Golf fans in the Northern Hemisphere stuck in the winter blues get a taste of the tropics.
The PGA Tour’s 2022-23 schedule resumes after a month or so off with the Sentry Tournament of Champions.
It’s an event that’s been held since 1953 and at its current venue, the Plantation Course at Kapalua Resort in Maui, Hawaii, since 1999.
The event was formerly reserved only for PGA Tour champions since the previous Tournament of Champions was played. In 2021, this was altered to include participants in the previous year’s Tour Championship to help fill the field after a pandemic-shortened season.
The tournament field qualifications returned to normal in 2022, but the Tour Championship provision has been permanently re-added beginning in 2023.
It’s a bastardization of the spirit and intent of the tournament in my eyes, but life goes on.
This year, 39 players are in the field for this 72-hole, no cut event. The purse is $15 million with a $2.7 million winner’s check.
The Sentry TOC is held at the lone par-73 on the PGA Tour.
It measures 7,596 yards and only features one par-3 on the back nine and three total. There are four par-5s and 11 par-4s.
It’s also perhaps the hilliest and most unfavorable jaunt for caddies.
You’ll never confuse the picturesque views of the Pacific Ocean with the azaleas and pines of Augusta National, but the two are comparable in the amount of elevation change and sidehill lies that come into play.
Both also feature wide fairways and playable second and third cuts.
Course upgrades were made in 2020 to implement Celebration Bermuda on tees and fairways and TifEagle Bermuda on the greens. Bunkers were also reworked.
You’ve got to go really low to win the Sentry Tournament of Champions.
Aside from Justin Thomas grinding it out at 14-under to win in a playoff in 2020, 21-under or lower was needed to win each of the last seven years.
Last year, three players set the new course record of 12-under 61 and Cam Smith set the 72-hole record (34-under) in his one-shot victory.
The weather forecast hints at a chance of rain in the middle of the week but it expects to be dry with temperatures in the 60s-80s for tournament days.
A fun stretch of golf is set to begin with a pair of events in Hawaii before the historic West Coast Swing. Let’s dive into the top 10 power rankings for the Sentry Tournament of Champions:
Tom Kim is making his debut at the Sentry Tournament of Champions. Unless you’ve been living under a rock for the last six-plus months, you know that seeing a course for the first time is no deterrent for young Tom Kim.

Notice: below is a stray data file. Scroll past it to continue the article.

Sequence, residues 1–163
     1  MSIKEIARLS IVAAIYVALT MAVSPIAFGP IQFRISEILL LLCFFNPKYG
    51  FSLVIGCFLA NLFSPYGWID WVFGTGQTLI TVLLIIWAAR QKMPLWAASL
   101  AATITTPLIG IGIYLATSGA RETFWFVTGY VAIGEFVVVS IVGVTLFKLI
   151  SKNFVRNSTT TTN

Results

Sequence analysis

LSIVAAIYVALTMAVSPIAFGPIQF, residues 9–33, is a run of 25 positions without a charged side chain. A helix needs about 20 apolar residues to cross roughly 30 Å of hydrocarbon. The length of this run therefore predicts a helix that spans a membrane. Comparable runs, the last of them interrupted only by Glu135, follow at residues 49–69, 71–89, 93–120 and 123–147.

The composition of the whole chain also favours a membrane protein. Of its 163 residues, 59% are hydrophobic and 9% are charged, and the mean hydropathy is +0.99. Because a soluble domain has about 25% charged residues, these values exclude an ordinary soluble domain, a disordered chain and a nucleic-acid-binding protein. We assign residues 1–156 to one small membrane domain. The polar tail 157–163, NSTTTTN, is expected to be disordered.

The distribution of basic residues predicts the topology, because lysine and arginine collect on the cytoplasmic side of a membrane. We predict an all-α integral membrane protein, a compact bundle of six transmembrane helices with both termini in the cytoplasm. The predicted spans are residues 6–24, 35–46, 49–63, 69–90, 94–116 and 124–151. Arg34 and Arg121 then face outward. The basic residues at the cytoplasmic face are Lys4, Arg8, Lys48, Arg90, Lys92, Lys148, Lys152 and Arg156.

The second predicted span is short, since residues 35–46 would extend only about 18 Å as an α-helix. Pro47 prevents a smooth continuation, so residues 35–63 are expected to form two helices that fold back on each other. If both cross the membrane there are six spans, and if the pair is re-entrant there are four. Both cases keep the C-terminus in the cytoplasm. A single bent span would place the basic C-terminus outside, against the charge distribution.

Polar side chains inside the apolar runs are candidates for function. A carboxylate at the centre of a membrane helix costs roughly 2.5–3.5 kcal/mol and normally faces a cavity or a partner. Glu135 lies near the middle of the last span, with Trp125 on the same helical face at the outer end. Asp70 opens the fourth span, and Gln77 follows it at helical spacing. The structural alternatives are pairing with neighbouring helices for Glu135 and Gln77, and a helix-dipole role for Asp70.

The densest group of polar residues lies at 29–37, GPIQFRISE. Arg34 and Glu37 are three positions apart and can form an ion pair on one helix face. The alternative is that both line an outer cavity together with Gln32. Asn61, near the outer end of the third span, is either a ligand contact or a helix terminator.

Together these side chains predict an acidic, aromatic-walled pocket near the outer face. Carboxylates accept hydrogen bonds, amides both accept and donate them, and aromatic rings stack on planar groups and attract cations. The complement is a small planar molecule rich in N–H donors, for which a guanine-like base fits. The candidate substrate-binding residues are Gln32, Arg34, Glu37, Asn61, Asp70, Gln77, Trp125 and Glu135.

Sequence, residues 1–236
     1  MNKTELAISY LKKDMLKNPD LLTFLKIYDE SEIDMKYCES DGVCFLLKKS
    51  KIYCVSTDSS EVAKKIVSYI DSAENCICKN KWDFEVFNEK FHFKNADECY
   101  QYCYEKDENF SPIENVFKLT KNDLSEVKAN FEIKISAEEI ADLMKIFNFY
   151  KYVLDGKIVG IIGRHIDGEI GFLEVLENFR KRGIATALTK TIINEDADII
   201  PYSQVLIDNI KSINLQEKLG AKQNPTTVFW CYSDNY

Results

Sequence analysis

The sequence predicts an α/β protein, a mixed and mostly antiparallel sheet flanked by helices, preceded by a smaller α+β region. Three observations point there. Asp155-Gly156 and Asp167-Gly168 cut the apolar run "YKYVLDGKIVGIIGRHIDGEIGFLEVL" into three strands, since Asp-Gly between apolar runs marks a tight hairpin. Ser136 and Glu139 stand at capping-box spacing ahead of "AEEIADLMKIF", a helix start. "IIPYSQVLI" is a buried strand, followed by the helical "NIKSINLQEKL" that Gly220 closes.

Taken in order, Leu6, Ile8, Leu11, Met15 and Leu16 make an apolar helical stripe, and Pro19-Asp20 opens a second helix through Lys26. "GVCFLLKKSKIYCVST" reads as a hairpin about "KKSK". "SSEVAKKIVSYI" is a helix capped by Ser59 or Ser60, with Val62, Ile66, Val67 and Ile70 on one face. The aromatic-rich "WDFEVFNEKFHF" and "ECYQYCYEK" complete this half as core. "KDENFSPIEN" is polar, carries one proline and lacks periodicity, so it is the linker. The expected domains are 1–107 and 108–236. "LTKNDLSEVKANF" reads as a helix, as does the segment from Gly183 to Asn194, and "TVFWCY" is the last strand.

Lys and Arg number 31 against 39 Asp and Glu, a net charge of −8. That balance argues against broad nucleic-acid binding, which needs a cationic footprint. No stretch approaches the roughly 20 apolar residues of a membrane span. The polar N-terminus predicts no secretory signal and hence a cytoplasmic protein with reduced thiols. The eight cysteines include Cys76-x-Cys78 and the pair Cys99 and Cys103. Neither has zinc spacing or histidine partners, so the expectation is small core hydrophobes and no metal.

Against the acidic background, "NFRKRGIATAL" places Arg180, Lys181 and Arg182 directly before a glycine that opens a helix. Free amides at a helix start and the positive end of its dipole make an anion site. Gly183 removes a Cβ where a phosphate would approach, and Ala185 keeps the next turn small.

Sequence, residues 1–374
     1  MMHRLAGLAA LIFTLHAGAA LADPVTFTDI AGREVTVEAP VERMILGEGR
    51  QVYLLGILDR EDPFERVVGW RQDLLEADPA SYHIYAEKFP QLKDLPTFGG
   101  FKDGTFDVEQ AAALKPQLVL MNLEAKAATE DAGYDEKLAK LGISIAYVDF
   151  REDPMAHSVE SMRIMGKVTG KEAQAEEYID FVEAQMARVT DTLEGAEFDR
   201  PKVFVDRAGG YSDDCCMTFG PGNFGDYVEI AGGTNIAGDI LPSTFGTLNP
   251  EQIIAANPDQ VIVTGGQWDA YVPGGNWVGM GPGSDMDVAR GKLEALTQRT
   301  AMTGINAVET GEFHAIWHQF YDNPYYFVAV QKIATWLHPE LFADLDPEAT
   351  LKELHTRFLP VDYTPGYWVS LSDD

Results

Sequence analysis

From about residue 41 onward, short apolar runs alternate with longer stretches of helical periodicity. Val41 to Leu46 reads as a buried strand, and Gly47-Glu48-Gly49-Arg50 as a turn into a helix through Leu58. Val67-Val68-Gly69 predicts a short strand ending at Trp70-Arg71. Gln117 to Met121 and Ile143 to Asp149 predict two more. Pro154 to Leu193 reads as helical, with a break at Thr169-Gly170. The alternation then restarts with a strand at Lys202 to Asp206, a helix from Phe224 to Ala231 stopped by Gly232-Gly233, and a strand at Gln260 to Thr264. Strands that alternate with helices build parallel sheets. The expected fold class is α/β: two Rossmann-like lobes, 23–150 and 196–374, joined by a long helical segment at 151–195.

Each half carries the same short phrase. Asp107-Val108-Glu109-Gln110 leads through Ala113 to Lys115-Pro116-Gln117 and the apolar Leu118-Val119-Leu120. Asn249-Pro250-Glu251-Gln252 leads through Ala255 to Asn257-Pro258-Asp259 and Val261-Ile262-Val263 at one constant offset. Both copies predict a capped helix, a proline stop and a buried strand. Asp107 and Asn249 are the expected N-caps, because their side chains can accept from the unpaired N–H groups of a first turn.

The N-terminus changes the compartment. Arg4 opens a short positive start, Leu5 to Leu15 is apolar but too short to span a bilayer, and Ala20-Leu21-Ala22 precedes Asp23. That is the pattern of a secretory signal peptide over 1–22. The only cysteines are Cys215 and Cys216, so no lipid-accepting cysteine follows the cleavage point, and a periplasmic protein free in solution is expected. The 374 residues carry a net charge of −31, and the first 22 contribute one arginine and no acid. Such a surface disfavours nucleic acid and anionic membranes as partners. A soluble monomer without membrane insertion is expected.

The 20-year-old out of South Korea was one of the big winners in golf in 2022. He started the year racking up big finishes on the Asian Tour. He took advantage of a sponsor’s exemption at the AT&T Byron Nelson (T-17th) and got into the U.S. Open where he took 23rd.
Kim contended across the pond at the Genesis Scottish Open (3rd) and made the cut at The Open at St. Andrew’s (T-47th) before winning the Wyndham Championship on the PGA Tour.
How’s a front-nine 27 and Sunday 61 do for not only coming from behind but winning in dominating fashion as a rookie on the PGA Tour? He already was granted special temporary membership on the PGA Tour, but this gave him entry into the playoffs.
He was exhausted by the time he got to the BMW Championship for his seventh week of competing in a row. Kim nearly earned his way into the Tour Championship, falling just shy at 35th in the FedEx Cup standings.
Kim got to recharge for the Presidents Cup in September. He was one of the stars at Quail Hollow thanks to his energy and personality, as well as his performance that impressed more than his 2-3-0 record shows.
His next time out produced a win at the Shriners Children’s Open, ahead of TPC Southwind stalwart Patrick Cantlay who tied for second place.
Kim was fairly active this fall. He teed it up in four Official World Golf Ranking-counting events, including T-25th at the ZOZO Championship and T-11th at the CJ Cup.
I think Kapalua is a tough nut to crack on the first try. However, I still think Kim is in too good of form to completely disregard.
Kim’s elite iron play can be a big asset here. He did not record enough rounds to count toward official PGA Tour rank last season. In 34 rounds, he gained .727 shots per round on approach, which would have slotted him sixth last season.